July 26-29, 2018
If festivals might have become bonded to female performer quotients (or not, depending on the individual festival), there is no potential negative effect when selected artists are of the high calibre presented at this year's WOMAD. Indeed, most of this long weekend's best global-feast sets were given by female bandleaders, or outfits with significant womanly presences. At least three of these could be deemed extremely quirky individuals.
There are always new discoveries to be made at this festival. The French-Colombian quintet Pixvae were one of these, and also qualified as being securely in the top five of 2018's WOMAD performances. Their essential combination involved the commingling of traditional folkloric song, and percussion, with a brutalist heavy rock dynamism. Everything melded perfectly, as the twinned vocals of Margaux Delatour and Alejandra Charry intersected across the tensed power-bleed of Romain Dugelay (baritone saxophone/electronics), Damien Cluzel (baritone guitar) and Léo Dumont (drums). Yes, this combo prefers the low-end scuzz pit. It was extremely refreshing to have some menace at WOMAD, a festival mostly renowned for its open-hearted partying stance. Fittingly, Pixvae were received enthusiastically by most of this final-afternoon crowd. Their vocals and hand-held shaker percussion sounded quite purist, in the Colombian hardcore manner, but took on an unfamiliar cast when shadowed by the waves of cyclic riff guitar distortion, the behemoth roars of the baritone, and the deep vibrations of the electronics.
Garbed in what might be termed boxing champ superheroine chic, the Turkish surf garage rock singer Gaye Su Akyol was joined by her masked male band, gold cape shimmering as she completely dominated the Big Red Tent on the Saturday afternoon. Vocally, her input resides in the Turkish folk-pop corner, but with a Goth-a-billy twang, sometimes echoed with some distinctly hillbilly guitar lines.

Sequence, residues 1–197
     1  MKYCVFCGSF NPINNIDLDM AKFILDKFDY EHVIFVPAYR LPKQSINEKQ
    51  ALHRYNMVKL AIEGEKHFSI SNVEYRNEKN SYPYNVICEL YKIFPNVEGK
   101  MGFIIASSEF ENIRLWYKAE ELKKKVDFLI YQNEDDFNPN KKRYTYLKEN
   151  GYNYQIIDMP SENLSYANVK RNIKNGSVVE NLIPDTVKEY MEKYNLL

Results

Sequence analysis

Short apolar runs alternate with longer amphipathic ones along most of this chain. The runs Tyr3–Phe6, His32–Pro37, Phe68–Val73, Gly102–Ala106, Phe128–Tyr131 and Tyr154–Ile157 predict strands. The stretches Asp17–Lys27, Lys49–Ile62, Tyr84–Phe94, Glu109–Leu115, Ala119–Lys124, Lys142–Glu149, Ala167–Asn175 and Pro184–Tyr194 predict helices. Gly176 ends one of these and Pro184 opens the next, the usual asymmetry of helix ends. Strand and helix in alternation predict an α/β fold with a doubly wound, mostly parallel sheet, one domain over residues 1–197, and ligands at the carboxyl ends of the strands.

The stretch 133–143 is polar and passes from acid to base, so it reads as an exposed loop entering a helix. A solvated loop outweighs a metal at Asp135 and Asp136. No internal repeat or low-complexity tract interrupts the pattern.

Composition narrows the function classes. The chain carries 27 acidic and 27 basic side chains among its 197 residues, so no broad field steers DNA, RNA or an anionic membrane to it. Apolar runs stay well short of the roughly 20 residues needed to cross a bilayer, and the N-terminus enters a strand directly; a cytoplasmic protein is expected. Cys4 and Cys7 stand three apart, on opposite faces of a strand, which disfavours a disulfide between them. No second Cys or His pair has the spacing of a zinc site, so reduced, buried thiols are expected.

Heading back further to the Friday, La Dame Blanche operated a visually old school Cuban look, but vocally mixed up rap, ragga and son, sometimes during the same pushy deck-spinning number. There were also shades of conventional showbiz vocal projection, as if making a Havana-Broadway pact. Electrifying on the early evening Ecotricity stage, she was larger than mere reality, a cartoon figure of strong-will, swigging humour, but ready to switch on forcefully if she was slighted in any way. Chomping on a cheroot, making occasional solo asides on the flute, and passing spirits around the front of the dancing crowd (booze spirits as well as santeria spirits).
The Parisian singer Camille joined this year's select clan of intense choreography greats, almost matching David Byrne with her well-sculpted movements, aided by a nimble, mobile, pliable group of performers who at certain points brandished their own marching drums. Camille not so much fought against the rain, but lapped it up, succeeding in seeming totally impulsive as she roamed and romped around, draped in a simple dress, a design matched by both her female and male companions. Like David Bowie
, for instance, Camille revels in making quite an accessible act out of elements that have their roots in alternative art. Even if it was an illusion, it frequently seemed like she didn't know in which direction she'd leap, or cavort, even though there was invariably a well-coordinated landing at her destination point, whether physical or musical. She actively encourages a childlike lust for an immediately gratifying exploration of the new, but she'd laid a few prior plans, doing her best to make them not appear like graven trajectories. Her staging stance and vocal layering was often similar to how we might imagine a more unruly, punkier Meredith Monk
. Plus, Camille was surely the only artist at this year's festival to indulge in a bout of spanking, as she explored the tactile qualities of her percussionist companion's derrière (he was curiously garbed in a silky, hooded boxer's gown for the duration of the gig).
Renata Rosa specialises in the hardcore folkloric sound of north-eastern Brazil, singing exuberantly, and sawing fiddle in the maracatu fashion, her band featuring adept guitar, percussion and spirited call/response group vocals. The songs were open and approachable, but completely shorn of any smoothness, fully juiced, and without watery additions. Rosa was the best Brazilian artist that WOMAD has featured in recent years.
Trumpeter Yazz Ahmed